In the 1980s a new breed of café opened which concentrated on coffee, not food. Customers ordered at the counter, some to drink in-house and others to take coffee away. Cafés sprawled out onto footpaths, with outdoor seating and umbrellas.
Each city has its own ‘first’ or real’ modern café story. David Humphrey of Stewart’s in Dunedin roasted and ground his own coffee beans and served espresso coffee in 1975. In Auckland, John’s Diner (1981–83) sold cappuccinos and inspired a new generation of cafes. Wellington’s Midnight Espresso (opened in 1989 and still running in 2012) served good, strong coffee and vegetarian-oriented food. Christchurch coffee lovers patronised Americanos and Café Espresso in the early 1990s. By the early 2000s espresso coffee was easier to find than a cell phone signal in rural parts of New Zealand.
The Sale of Liquor Act 1989 radically simplified liquor licensing. A host of licence types were replaced by four licences – the on-licence applied to restaurants, which no longer needed to meet complicated and expensive requirements to sell alcohol with meals. Some restaurants remained BYO. The number of licensed and BYO restaurants increased in the wake of this change – from 493 in 1988 to 1,653 in 1998.
Beyond the main centres, restaurants opened in the regions associated with wine-making, such as Marlborough, Wairarapa and Hawke’s Bay. Some vineyards opened on-site restaurants, while certain towns, such as Havelock North in Hawke’s Bay and Martinborough in Wairarapa, carved out new reputations as centres of fine dining.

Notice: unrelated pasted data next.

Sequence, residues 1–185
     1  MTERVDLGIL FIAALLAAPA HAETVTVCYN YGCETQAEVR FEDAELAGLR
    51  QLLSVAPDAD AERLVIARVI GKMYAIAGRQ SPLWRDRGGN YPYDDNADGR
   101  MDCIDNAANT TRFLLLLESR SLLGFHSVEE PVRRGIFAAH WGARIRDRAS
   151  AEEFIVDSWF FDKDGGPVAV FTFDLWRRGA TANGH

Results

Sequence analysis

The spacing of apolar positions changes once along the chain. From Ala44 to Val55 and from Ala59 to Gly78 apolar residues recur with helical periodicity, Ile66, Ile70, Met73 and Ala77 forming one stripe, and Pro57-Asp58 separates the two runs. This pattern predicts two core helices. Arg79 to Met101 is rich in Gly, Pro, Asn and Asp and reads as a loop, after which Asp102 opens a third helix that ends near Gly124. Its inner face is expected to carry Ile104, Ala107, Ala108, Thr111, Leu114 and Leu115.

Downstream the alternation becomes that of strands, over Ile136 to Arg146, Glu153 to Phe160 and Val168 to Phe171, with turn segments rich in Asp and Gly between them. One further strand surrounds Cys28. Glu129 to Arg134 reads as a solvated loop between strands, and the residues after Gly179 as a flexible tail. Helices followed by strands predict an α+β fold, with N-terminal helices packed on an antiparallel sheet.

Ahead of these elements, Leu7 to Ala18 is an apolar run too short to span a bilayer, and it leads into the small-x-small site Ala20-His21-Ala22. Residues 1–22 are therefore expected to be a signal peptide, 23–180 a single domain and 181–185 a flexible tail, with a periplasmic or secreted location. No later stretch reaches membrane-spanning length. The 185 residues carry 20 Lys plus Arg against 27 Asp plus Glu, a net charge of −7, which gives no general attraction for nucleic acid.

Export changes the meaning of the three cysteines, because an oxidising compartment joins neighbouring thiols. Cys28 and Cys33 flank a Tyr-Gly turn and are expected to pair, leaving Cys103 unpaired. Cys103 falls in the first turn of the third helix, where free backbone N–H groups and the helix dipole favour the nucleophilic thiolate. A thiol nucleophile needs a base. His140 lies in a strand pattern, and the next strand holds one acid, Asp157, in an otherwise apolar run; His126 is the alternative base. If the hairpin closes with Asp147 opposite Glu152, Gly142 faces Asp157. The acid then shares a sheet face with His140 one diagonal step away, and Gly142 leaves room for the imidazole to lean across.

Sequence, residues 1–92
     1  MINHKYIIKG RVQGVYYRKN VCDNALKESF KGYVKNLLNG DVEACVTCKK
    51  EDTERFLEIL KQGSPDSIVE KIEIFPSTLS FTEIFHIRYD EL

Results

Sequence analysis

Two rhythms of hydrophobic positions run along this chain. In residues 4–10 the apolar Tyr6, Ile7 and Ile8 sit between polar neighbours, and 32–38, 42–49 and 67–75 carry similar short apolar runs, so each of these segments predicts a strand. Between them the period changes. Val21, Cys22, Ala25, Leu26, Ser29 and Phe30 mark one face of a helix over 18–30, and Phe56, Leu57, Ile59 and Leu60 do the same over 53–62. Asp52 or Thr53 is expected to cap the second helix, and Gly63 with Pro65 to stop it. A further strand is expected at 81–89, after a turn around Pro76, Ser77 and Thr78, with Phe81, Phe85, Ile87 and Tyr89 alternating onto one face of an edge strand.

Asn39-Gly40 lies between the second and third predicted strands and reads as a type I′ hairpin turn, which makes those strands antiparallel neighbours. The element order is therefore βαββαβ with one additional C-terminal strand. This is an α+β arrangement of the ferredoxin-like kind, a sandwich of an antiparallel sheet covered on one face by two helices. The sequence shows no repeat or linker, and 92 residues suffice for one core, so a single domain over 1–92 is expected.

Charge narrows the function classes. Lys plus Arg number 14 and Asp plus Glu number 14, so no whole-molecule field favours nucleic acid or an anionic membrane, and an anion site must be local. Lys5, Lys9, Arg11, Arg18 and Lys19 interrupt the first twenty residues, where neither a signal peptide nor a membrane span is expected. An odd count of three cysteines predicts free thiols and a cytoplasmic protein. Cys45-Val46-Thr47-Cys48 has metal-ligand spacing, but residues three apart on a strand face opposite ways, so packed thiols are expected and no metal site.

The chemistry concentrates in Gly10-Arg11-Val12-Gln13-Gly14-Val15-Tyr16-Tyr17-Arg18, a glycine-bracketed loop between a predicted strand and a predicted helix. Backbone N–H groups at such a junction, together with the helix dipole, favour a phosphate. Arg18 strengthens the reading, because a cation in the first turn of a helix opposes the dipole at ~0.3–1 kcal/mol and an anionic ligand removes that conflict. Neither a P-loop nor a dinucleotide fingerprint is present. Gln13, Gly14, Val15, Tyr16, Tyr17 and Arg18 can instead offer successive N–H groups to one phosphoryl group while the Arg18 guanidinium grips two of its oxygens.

Restaurant and café numbers boomed in the early 21st century. There were 4,322 in 2000 and 6,633 in 2011. Takeaway outlets increased from 3,266 in 2000 to 4,184 in 2011. These sectors employed over 70,000 people in 2011.
Burton, David. David Burton’s New Zealand food and cookery. Auckland: David Bateman, 2009.
Male, Kevyn. Fish ’n chips: the great New Zealand feed. Auckland: New Holland, 2010.
Neill, Lindsay, and others. The great New Zealand pie cart. Auckland: Hodder Moa, 2008.
Rowland, Perrin. Dining out: a history of the restaurant in New Zealand. Auckland: Auckland University Press, 2010.
A New Zealand restaurant review website.
Ian Brailsford’s article on the arrival of American fast-food chains in New Zealand, from the New Zealand Journal of History 39, no. 1 (2005).
The Restaurant Association promotes and advances the interests of its members.